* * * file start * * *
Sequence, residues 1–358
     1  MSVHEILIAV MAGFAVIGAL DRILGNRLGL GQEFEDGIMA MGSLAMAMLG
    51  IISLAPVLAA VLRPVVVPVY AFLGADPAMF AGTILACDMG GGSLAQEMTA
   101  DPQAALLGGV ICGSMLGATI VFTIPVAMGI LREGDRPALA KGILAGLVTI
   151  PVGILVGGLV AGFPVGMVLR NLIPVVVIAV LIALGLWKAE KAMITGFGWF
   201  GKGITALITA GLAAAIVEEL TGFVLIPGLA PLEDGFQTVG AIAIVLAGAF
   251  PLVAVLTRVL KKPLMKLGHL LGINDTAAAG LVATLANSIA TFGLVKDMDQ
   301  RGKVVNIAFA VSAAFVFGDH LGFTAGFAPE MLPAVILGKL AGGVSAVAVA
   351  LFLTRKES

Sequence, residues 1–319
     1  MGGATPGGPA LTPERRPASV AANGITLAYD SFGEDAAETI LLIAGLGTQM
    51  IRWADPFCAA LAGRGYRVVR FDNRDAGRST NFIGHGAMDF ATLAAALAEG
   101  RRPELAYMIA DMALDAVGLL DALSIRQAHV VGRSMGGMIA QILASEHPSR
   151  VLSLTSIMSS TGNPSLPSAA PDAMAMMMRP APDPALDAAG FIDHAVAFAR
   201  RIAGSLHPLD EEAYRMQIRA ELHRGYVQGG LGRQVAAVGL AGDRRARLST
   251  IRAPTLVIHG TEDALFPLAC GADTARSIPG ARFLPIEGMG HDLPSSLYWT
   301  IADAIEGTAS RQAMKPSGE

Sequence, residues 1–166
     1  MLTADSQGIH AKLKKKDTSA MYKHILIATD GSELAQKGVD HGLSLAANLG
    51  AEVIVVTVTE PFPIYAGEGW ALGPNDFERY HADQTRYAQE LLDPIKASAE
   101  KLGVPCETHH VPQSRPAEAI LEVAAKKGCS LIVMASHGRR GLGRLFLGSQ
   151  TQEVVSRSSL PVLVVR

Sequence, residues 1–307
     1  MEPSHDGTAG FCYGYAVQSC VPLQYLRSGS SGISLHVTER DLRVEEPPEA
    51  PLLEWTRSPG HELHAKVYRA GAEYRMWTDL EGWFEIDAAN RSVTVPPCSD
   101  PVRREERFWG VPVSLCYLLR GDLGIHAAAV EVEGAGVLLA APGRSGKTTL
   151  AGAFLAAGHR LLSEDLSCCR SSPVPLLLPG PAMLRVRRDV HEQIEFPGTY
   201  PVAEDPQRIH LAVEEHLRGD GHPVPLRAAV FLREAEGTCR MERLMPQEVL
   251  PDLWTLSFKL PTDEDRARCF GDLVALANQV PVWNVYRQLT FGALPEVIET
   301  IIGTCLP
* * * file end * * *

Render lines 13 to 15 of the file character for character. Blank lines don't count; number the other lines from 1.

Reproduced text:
   101  RRPELAYMIA DMALDAVGLL DALSIRQAHV VGRSMGGMIA QILASEHPSR
   151  VLSLTSIMSS TGNPSLPSAA PDAMAMMMRP APDPALDAAG FIDHAVAFAR
   201  RIAGSLHPLD EEAYRMQIRA ELHRGYVQGG LGRQVAAVGL AGDRRARLST